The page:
St. Eugene’s Good Friday Experience A reflection for Good Friday, April 2nd
St. Eugene’s Good Friday Experience
Today, Good Friday can be a day of mixed emotions and feelings for a lot of us – especially this year as we continue to live with the consequences of Covid 19. For many of us within our own families, communities and parishes and throughout the world, the reality of suffering, pain and loss have become all too real. Good Friday is a day when we are gently called to stand at the cross, not on our own, but with others. Perhaps, this year, more than ever we are being called to pray with and for all those who are suffering in any way. Our prayers and faith bring us together and unite us this Good Friday.
Eugene De Mazenod, the Founder of the Missionary Oblates of Mary Immaculate knew and experienced pain and suffering in own life. He was born into a wealthy family at the time of the French Revolution. They were forced to move to Italy as exiles and live as refugees. While there, his parents grew a part. Eventually they separated and later divorced. This deeply affected Eugene and was a cause of much pain for him all his life. Eugene returned to France 1802 with the hope of simply carrying on with his wealthy and carefree life that he had previously known. He wanted to be rich, popular and to live a life of leisure and prestige. He once wrote to his father telling him; ‘as long as I can remember, I have set my ambition on being famous, with the admiration of people who count.’ None of this happened. He was unable to reunite his family, regain their fortunes and was unable to start a family of his own. Eugene no longer knew what to do with his time. He realised that he was wasting his life. He wrote, ‘I looked for happiness outside God and for too long with resulting unhappiness…’ He felt lost and disillusioned.
On Good Friday in 1807, something remarkable happened to him. God reached out to him in a profound way. As Eugene stood in front of the cross, God looked at him through the eyes of the crucified Saviour and loved him. Like the rich young man in the gospel, Jesus looked at him and simply loved him. For the first time in his life Eugene felt that he was loved, accepted and forgiven by Jesus. This powerful encounter changed the direction of his whole life. It was at this very moment that Eugene knew deeply and personally that he was loved by God. It was in front of the cross that Eugene recognised Jesus as his Saviour. This may have been the most important moment of his life because it was then that he decided to dedicate and commit his life to Jesus.
The experience Eugene found its expression in reaching out to others; to help them know the same love God had for them in Jesus. In 1808 despite opposition from his own family, Eugene decided to become a priest. He felt a deep desire to dedicate his life to sharing this experience and good news with others, especially those who were poor, neglected and abandoned by society. He was ordained on December 21, 1811.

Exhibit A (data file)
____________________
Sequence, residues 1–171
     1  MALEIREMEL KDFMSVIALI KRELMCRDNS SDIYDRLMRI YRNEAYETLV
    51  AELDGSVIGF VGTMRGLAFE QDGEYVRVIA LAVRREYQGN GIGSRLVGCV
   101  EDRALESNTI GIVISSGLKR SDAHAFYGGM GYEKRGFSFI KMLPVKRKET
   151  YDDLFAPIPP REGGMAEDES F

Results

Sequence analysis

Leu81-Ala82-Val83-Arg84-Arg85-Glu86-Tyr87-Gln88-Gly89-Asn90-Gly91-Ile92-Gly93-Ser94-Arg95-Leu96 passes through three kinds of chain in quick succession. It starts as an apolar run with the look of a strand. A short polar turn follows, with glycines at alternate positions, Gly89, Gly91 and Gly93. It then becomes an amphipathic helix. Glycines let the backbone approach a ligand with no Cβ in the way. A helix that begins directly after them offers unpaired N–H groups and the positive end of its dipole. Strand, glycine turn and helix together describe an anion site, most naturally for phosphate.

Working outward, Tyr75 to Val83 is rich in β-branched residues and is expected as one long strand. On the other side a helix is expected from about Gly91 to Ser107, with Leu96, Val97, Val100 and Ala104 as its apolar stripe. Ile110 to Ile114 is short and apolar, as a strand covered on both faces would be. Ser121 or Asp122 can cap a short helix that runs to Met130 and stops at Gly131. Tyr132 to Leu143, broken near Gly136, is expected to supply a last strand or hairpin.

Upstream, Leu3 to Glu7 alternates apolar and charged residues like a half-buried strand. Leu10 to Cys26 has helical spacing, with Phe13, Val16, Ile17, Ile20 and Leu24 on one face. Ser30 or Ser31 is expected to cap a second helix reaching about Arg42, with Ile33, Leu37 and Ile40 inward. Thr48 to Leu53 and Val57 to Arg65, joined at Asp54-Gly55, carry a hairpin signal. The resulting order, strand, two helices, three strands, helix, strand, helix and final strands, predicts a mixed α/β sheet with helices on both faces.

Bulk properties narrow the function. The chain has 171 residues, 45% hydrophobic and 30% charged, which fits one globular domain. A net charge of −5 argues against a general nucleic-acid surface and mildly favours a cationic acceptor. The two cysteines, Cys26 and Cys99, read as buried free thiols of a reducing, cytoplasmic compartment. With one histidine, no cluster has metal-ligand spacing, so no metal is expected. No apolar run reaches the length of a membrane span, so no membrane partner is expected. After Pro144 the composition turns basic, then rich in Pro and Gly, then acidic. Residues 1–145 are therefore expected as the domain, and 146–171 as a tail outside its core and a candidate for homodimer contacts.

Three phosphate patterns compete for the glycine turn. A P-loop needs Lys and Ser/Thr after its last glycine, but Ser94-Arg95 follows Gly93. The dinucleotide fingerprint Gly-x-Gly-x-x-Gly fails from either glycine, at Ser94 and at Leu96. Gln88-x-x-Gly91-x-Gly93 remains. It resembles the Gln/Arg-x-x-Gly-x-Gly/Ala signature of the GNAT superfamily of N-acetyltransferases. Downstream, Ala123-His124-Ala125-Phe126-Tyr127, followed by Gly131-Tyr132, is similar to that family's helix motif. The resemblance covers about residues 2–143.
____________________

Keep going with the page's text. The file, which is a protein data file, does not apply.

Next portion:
Initially working alone, Eugene soon realised that he could achieve very little. He invited likeminded priests who dedicated themselves to caring for those who were poor. This small group were called The Missionaries of Provence, after the town in which Eugene was born. They spent their time with young people, prisoners of war, servants and the farm workers in the remote countryside.
Despite some setbacks and difficulties, this small group of missionaries grew and attracted more members. On February 17, 1826, they were given official recognition as a new religious order in the church. They were given the new name by which we are known today; The Missionary Oblates of Mary Immaculate.
Our current Oblate Rule reminds us that the cross of Jesus Christ is central to our mission. Like the apostle Paul, “we preach Christ and him crucified.” (C.4)
The Oblate Cross which is received at Final Vows is a constant reminder of the love of the Saviour who wishes to draw all hearts to himself and sends us out as his co-workers. (C.63)
God looked at Eugene through the eyes of the crucified Saviour. This Good Friday, God is reaching out to each of us. It is through the eyes of the Jesus on the cross that God sees, loves, and forgives each of us personally. This is the power of the cross; through the life, death and resurrection of Jesus God is reaching out to each of us. Today and every day God says; ‘I call you by your name, do not be afraid… you are precious in my eyes and I love you.’ (Is. 43.1,4)
We are united with each other this Good Friday so we too can experience the same love, mercy and forgiveness of God that Eugene experienced. We stand at the cross today so we can stand at the empty tomb tomorrow and share in and experience the Resurrection. As scripture reminds us; ‘If we bear in our body the death of Jesus, it is with the hope that the life of Jesus, too, will be seen in our body.’ (2 Cor.4.10).
This Good Friday, wherever we are; at home with our families or in our local church with others, we are invited to spend some time in front of the cross and experience that same loving look of tender compassion from God that St. Eugene experienced. Today, take a few minutes of silent prayer and allow God to look at you through the eyes of the crucified Saviour and offer this simple prayer; Lord, by your cross and resurrection, you have set us free, you are the saviour of the world.’
Today, in the company of St. Eugene de Mazenod, may we glory in the cross of our Lord Jesus Christ; for he is our salvation, our life and through him we are saved and made free.
Today, pray in thankfulness for those who love and serve you; those who ‘wash your feet.’ Who can I love and serve in some small way over the next few days?
– Br Michael Moore OMI
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